Variegate Porphyria

Updated: Dec 20, 2019
  • Author: Carol E Cheng, MD; Chief Editor: Dirk M Elston, MD  more...
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Variegate porphyria (VP) is an inherited disorder of porphyrin-heme metabolism arising from mutations of the gene encoding the enzyme protoporphyrinogen oxidase. [1, 2, 3, 4] Manifestations of variegate porphyria in any given individual may include cutaneous photosensitivity (see image below), systemic symptoms arising from neurologic dysfunction, or both. [3, 5, 6, 7, 8]

Variegate porphyria. Courtesy of DermNet New Zeala Variegate porphyria. Courtesy of DermNet New Zealand (


Inherited as an autosomal dominant trait, variegate porphyria is biochemically characterized by accumulations of the photosensitizing porphyrins, protoporphyrin and coproporphyrin. [5] In addition, abnormally high levels of the porphyrin precursors, porphobilinogen and aminolevulinic acid, are found during episodic attacks of systemic symptoms. [5, 9] Acute attack symptoms are caused by dysfunctions of central, autonomic, and peripheral nervous systems that appear to be effects of deranged heme synthesis on neurons. [10]



Variegate porphyria arises from autosomal dominant inheritance of a gene mutation encoding a defective protoporphyrinogen oxidase enzyme. To date, there have been 184 different mutations in the protoporphyrinogen oxidase gene that results in variegate porphyria. [11] Individuals with one such mutation have total enzyme activity diminished to as much as 50% of normal. Most individuals with one mutation remain asymptomatic, but they are at risk if exposed to environmental factors (most often drugs) that can induce overt phenotypical expression. Systemic stress, such as liver disease or cholelithiasis, has been noted to precipitate cutaneous symptoms in patients with underlying variegate porphyria. [12]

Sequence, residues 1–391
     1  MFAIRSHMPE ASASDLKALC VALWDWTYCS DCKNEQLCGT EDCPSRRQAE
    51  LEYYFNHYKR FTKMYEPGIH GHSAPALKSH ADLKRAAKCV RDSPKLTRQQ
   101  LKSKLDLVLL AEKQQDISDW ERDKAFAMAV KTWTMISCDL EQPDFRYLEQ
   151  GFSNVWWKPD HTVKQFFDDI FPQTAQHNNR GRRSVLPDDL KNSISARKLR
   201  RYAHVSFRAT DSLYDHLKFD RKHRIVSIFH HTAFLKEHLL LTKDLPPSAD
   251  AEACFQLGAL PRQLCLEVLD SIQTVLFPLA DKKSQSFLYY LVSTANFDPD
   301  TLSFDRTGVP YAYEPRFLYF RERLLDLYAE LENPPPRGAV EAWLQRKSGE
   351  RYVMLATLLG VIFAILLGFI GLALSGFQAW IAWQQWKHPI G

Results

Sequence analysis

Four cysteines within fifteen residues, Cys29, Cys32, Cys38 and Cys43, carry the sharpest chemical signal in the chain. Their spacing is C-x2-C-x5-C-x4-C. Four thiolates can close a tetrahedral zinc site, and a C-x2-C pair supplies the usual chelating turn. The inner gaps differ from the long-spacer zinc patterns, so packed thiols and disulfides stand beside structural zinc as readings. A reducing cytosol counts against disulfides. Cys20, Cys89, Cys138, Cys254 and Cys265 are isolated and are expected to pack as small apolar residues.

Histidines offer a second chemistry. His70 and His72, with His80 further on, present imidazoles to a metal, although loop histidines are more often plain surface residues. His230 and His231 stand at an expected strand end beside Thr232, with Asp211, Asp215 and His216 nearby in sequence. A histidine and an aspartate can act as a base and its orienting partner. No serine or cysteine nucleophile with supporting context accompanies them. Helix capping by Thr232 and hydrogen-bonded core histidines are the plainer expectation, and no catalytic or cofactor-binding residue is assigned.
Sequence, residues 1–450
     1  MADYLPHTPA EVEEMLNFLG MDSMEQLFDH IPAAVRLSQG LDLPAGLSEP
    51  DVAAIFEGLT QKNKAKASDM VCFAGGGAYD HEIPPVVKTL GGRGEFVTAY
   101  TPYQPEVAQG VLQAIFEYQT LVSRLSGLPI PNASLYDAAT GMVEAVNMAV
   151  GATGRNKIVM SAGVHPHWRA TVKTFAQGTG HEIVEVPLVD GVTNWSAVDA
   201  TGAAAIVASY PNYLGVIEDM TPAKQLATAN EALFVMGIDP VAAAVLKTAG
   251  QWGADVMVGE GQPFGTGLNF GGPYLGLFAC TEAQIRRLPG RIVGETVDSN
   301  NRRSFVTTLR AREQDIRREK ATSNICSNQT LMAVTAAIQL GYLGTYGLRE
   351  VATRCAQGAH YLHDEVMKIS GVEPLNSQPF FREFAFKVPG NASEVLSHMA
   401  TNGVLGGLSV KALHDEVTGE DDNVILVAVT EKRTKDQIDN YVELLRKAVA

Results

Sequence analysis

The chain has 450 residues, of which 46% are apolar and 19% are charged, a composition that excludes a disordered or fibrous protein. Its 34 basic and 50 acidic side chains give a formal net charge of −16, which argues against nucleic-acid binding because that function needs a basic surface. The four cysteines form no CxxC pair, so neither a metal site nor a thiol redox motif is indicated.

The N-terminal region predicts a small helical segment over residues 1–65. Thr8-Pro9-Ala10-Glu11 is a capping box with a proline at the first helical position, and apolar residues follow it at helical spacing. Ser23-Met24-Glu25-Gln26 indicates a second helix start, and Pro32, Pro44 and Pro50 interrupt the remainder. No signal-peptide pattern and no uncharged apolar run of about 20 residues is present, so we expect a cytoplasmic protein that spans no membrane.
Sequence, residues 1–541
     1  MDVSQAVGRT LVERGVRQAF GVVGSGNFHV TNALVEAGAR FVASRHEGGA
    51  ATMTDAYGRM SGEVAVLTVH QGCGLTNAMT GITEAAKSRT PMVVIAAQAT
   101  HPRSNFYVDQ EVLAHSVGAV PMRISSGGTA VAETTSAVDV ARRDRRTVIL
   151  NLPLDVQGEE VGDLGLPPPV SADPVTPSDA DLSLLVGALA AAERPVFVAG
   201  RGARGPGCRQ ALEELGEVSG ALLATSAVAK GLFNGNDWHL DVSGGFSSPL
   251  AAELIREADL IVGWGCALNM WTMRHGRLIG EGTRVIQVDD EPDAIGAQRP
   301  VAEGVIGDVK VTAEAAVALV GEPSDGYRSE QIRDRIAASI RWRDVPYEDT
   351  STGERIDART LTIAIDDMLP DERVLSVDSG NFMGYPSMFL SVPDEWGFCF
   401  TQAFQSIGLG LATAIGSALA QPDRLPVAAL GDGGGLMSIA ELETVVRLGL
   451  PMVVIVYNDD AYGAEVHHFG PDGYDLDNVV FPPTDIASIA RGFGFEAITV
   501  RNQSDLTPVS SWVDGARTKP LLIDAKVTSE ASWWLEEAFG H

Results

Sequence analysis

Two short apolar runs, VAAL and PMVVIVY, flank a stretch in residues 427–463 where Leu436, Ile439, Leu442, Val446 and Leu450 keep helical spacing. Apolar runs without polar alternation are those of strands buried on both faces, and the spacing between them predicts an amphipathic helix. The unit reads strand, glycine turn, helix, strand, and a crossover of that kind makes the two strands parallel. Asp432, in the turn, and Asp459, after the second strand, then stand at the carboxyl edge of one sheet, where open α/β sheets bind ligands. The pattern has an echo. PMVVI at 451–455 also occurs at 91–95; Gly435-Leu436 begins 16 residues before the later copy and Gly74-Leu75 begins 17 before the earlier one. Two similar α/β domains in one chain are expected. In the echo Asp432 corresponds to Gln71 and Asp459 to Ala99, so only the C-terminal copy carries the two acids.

Inheritance of two mutant protoporphyrin oxidase genes causes a more profound reduction in residual enzyme activity to 25% or less, leading to more severe disease manifestations. [13, 14] Eleven such cases have been identified at this time. These homozygous patients present during early childhood with developmental delay, nystagmus, photosensitivity, and skeletal hand deformities. [11]

The founder gene mutation common among South Africans encodes an enzyme with little or no residual activity that may be lethal in homozygotes. Four South African children manifesting variegate porphyria were compound heterozygotes with the founder mutation on one allele, but a different mutation apparently encoding an enzyme with enough residual activity to enable survival, on the other. [15]




United States

A registry has been established to develop information about the prevalence of porphyrias in the United States (American Porphyria Foundation; Unknown numbers of cases may be unrecognized or misdiagnosed as another porphyria.